By Indu Jain
In governance, the core idea is to ensure the positive alignment of the pancha tattvas. For this, action has to first spring from within, from the inner core that all of us have, including those of us who are in the business of governance.
India’s growth rate is computed on the basis of material resource development. This involves spending these resources. The focus is on production and consumption. However, resource management ought to give sufficient importance to the regeneration and revitalisation of these material resources as well as the subtle resource that resides within us.
Pre-industrial India was considered Soney ki Chidiya, the golden bird, because people were content. Lifestyles were environment-friendly and there was room for reflection and introspection that enabled people to seek the truth without encroaching on another’s path. There was greater scope for creative pursuits in the fields of art, philosophy, culture and spirituality. And there was greater tolerance and understanding of different perspectives.
What was the secret of a system that allowed for both inner and outer growth? How did people find the Golden Mean? Achieving this ought to be easier with technological advances that are meant to make life easier, our chores simpler, and so leave us with enough time for meditation and deep thinking.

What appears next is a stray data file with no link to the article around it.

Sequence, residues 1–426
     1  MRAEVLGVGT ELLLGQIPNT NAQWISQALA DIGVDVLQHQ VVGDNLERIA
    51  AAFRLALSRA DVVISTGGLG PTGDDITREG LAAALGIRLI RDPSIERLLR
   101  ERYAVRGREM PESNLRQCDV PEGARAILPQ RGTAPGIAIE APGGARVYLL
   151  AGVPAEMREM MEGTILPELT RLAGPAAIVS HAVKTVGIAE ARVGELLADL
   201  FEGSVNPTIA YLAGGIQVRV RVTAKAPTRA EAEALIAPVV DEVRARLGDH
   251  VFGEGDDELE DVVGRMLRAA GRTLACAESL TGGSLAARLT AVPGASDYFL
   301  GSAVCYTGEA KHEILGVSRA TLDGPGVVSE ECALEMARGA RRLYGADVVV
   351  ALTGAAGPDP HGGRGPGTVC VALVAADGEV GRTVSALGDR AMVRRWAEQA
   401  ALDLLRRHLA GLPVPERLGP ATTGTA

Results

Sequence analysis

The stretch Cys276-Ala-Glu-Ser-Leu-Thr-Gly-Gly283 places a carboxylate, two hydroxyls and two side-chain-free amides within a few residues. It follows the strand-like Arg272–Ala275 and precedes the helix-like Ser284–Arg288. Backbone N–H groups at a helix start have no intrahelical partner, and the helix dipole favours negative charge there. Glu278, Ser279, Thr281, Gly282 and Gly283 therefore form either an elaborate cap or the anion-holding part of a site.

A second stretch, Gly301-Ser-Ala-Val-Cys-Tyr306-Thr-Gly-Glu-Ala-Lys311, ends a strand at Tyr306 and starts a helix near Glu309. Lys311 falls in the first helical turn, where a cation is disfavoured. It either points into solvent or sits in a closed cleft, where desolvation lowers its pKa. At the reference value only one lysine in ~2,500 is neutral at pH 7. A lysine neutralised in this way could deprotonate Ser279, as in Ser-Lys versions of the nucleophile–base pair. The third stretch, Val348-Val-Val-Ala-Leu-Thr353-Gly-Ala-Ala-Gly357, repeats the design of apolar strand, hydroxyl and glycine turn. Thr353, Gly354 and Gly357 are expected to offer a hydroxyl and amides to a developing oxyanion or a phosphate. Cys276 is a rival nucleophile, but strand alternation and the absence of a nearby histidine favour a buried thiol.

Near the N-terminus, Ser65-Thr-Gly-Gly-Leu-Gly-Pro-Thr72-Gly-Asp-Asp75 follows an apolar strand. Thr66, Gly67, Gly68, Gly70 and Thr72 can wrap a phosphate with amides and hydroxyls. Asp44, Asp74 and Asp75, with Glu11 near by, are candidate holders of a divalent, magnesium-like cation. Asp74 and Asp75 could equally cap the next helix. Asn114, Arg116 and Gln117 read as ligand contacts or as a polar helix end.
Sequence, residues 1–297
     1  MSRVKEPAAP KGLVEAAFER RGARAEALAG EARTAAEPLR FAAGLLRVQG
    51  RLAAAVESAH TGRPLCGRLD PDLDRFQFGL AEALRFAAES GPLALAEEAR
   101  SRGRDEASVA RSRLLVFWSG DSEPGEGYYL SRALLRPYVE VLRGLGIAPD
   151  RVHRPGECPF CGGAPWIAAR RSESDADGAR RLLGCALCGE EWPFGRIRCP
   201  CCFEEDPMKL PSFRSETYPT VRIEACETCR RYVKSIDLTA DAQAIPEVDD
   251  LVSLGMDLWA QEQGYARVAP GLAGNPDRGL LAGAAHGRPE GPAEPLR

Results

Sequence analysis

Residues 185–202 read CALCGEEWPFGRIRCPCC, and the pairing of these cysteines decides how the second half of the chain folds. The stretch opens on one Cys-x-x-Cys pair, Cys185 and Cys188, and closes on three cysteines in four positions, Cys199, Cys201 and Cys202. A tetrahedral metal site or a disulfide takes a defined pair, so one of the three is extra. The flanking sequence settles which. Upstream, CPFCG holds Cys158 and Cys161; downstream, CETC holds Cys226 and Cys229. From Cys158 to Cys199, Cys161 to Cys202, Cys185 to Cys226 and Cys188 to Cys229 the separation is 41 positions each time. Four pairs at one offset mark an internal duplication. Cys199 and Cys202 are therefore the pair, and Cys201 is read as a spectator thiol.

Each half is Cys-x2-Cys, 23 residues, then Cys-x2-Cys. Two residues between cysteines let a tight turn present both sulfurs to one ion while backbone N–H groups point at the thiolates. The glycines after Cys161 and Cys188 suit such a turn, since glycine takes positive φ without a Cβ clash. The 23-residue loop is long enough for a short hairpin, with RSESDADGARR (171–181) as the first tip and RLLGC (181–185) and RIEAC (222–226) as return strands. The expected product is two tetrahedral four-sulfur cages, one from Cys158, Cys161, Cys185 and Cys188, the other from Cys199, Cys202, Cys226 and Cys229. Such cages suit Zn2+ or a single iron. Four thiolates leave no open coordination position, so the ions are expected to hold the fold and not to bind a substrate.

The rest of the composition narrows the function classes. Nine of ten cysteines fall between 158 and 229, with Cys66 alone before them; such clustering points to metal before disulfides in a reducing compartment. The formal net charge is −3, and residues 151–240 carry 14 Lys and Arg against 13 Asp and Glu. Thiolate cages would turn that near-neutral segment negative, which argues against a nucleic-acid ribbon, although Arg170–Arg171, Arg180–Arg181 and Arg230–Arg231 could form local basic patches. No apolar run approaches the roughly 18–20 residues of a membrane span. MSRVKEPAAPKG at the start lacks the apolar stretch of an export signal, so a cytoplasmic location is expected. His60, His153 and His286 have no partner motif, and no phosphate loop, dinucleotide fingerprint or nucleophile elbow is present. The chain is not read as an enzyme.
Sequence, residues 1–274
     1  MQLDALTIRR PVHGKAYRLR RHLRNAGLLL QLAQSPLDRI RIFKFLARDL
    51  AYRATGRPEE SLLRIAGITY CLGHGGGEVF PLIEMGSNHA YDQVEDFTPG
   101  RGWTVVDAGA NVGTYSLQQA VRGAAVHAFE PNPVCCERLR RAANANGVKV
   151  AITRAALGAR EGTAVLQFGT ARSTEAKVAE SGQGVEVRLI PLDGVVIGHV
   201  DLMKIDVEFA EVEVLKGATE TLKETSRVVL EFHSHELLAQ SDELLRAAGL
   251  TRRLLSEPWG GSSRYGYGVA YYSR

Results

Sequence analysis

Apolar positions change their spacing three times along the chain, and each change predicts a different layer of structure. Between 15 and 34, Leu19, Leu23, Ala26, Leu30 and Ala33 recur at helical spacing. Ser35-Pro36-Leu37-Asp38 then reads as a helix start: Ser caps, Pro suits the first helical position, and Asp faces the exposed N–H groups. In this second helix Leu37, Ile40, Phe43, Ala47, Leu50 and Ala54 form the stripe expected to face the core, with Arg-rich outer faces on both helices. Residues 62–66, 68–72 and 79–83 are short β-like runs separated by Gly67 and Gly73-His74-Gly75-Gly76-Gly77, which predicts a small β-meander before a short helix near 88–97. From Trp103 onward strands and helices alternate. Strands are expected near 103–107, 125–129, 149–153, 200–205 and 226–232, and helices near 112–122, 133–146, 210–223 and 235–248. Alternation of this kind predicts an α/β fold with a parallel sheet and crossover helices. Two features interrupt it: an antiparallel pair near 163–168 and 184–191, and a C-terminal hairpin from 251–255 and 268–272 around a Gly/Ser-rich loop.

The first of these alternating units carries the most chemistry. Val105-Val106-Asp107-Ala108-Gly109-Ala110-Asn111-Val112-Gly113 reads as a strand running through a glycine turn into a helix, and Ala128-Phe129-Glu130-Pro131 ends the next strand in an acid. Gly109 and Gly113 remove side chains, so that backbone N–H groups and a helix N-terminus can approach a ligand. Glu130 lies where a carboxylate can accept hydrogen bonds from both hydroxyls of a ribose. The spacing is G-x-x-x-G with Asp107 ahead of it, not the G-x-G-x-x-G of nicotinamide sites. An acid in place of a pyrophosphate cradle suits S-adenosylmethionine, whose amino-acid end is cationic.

However, this does not seem to be happening. Technology and other advancements seem to have made our lives more hectic and stress-ridden. Life has become a race against time. Therefore, inner growth is intrinsic to sustainable development.
Earlier, conditions fostered the flowering and growth of different schools of thought. Diversity was celebrated, even respected. Today, the trend is towards uniformity of thought, word and deed. There are greater conveniences but less comfort. There are more time-saving devices, but we seem to have less time at our disposal to think about what we are doing.
Let us revive our ancient knowledge systems that are rich in healing techniques besides containing a wealth of wisdom on a variety of subjects. Tradition and culture are as much a part of our heritage as are stone monuments.
In ancient India, the individual was encouraged to live in harmony with himself, his environment and community, by bringing about a balance between his inner and outer realities. It was recognised that growth on the material plane must be balanced with growth on the subtle plane. As individuals and as members of society we need to strive towards achieving the right balance inside out.
This was first published on March 12, 2008.
(Indu Jain: 08.09.1936 – 13.05.2021)
Views expressed above are the author’s own.
END OF ARTICLE